Again, the parallels from the story to real life are close ranging; a young woman – or man for that matter, must be concerned about their health given the range of potential health hazards that can come about as a result of sexual activity when there are no precautions taken. Today, those hazards do not just pertain to young, unwed motherhood or fatherhood, but fatal and life threatening diseases such as HIV/AIDS and other sexually transmitted diseases which, even if one has not had prior sexual encounters, a young person could still be unknowingly infected with, or a carrier of. Thus, a sexual impulse to physically satisfy a lust-attraction, can result in permanent and irreversible repercussions.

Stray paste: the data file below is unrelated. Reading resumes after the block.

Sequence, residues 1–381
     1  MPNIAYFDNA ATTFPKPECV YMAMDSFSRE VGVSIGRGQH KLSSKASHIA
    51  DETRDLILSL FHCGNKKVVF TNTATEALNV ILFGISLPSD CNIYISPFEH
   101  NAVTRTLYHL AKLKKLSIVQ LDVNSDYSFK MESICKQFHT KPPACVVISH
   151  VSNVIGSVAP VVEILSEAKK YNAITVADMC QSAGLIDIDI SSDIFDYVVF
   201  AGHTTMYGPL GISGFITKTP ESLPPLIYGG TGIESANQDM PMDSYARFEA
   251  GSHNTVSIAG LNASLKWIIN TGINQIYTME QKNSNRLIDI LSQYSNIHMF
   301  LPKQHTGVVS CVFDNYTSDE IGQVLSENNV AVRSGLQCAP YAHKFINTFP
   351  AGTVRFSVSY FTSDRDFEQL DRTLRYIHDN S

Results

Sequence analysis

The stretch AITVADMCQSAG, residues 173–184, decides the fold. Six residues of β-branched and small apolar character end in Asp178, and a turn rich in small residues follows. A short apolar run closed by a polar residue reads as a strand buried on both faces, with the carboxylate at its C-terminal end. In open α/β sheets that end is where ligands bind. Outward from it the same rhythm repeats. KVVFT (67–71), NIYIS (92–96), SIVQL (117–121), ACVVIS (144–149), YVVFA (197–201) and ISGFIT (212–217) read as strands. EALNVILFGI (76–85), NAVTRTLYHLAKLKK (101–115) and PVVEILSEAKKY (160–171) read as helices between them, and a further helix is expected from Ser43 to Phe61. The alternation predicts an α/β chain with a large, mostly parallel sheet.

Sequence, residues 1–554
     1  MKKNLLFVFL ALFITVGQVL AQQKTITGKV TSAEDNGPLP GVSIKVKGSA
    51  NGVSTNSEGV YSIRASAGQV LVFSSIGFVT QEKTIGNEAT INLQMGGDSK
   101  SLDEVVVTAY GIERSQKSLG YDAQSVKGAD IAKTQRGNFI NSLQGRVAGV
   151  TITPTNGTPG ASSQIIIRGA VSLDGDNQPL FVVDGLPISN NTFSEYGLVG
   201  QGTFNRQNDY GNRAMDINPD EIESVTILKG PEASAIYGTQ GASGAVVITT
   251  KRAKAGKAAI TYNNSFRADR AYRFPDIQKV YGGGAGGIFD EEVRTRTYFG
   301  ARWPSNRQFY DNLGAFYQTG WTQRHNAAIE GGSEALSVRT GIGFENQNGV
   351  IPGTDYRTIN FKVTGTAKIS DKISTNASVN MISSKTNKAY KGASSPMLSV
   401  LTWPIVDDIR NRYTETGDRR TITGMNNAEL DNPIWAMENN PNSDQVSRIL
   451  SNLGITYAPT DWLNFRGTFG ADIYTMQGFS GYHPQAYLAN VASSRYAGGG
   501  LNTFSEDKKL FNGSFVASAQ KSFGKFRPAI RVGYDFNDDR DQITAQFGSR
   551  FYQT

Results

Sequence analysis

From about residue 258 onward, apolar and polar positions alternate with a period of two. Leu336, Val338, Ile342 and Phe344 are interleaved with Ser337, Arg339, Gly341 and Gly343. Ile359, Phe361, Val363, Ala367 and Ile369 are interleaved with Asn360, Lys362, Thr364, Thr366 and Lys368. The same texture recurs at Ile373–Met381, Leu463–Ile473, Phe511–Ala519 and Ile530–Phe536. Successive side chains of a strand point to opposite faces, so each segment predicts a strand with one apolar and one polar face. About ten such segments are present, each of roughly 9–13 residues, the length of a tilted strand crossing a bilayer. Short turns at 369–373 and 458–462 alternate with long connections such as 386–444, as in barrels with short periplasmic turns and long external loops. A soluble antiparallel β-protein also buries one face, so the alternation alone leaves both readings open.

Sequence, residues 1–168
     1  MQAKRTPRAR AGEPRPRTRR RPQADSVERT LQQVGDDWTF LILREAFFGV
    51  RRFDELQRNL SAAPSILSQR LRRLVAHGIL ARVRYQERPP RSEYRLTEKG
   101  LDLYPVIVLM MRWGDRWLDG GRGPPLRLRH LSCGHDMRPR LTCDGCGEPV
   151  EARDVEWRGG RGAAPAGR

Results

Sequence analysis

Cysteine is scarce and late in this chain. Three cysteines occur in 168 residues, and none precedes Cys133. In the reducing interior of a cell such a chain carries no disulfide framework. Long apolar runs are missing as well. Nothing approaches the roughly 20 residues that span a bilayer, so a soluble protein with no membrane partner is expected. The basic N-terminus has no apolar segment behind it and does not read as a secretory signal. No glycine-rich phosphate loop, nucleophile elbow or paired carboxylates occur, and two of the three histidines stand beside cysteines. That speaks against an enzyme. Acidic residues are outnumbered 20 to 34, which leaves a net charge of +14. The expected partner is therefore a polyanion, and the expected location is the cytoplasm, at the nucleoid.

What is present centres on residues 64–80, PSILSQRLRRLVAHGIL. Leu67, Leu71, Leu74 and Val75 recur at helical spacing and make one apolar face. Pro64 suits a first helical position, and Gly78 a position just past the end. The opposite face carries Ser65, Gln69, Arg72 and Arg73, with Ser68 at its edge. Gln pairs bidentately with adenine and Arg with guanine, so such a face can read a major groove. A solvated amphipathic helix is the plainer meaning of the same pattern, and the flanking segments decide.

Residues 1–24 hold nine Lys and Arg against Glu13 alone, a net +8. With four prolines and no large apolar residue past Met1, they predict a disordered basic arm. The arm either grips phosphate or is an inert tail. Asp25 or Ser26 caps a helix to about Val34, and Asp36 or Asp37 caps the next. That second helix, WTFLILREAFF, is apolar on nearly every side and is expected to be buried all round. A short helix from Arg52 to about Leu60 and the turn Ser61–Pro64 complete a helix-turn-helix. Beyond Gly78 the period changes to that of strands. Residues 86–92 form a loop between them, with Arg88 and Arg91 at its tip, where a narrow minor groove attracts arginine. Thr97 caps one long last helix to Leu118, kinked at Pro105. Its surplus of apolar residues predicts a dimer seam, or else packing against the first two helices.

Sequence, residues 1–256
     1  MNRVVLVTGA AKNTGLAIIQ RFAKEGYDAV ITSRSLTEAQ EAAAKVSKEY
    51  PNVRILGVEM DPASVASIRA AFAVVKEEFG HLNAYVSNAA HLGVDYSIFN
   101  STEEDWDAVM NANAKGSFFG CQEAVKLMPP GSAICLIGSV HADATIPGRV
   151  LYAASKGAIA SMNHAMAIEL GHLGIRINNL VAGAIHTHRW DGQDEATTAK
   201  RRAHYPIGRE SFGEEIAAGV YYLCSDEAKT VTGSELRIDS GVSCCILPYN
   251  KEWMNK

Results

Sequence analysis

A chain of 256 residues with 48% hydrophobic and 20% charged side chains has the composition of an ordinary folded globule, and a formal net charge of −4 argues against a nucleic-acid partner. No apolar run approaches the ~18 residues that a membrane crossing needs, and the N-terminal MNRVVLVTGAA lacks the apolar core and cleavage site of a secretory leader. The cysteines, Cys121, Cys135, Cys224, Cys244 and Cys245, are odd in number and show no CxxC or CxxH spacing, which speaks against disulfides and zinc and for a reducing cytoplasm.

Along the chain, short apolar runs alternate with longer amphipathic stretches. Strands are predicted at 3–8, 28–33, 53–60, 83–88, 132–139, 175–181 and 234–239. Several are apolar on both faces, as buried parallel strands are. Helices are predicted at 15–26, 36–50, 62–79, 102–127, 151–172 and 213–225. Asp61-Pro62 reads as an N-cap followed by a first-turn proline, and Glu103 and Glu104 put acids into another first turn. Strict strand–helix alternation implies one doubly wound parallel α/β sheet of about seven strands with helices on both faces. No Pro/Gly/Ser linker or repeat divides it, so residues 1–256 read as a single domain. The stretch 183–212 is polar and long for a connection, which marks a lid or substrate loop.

It appears, too, that Elizabethans were no less concerned with infant mortality than we are today, since the literature of their day suggests, too, that early or premature youthful pregnancies yield infants who are often not healthy. A 1998 article appearing in the Daily Record, cautions that infants born to teenage mothers are more likely to die in infancy or suffer serious accidents (Frew, 1998, p. 14). It’s an all too common problem, the lack of thought given the act, and the end result is too permanent to perform the act with mindless-lust. In teaching Romeo and Juliet, it’s possible to move beyond the story, to that which Nevo and Bloom and others point to, that it is the young love over and above all else, allowing it to rule not just the heart and mind, but the body, too, that is harmful and carries with it modern day consequences. We need to point out that Shakespeare, as well as Elizabethans during the period during Shakespeare wrote the play, were, as today, concerned with young love and the results on their physicality and for the babies that such acts produced.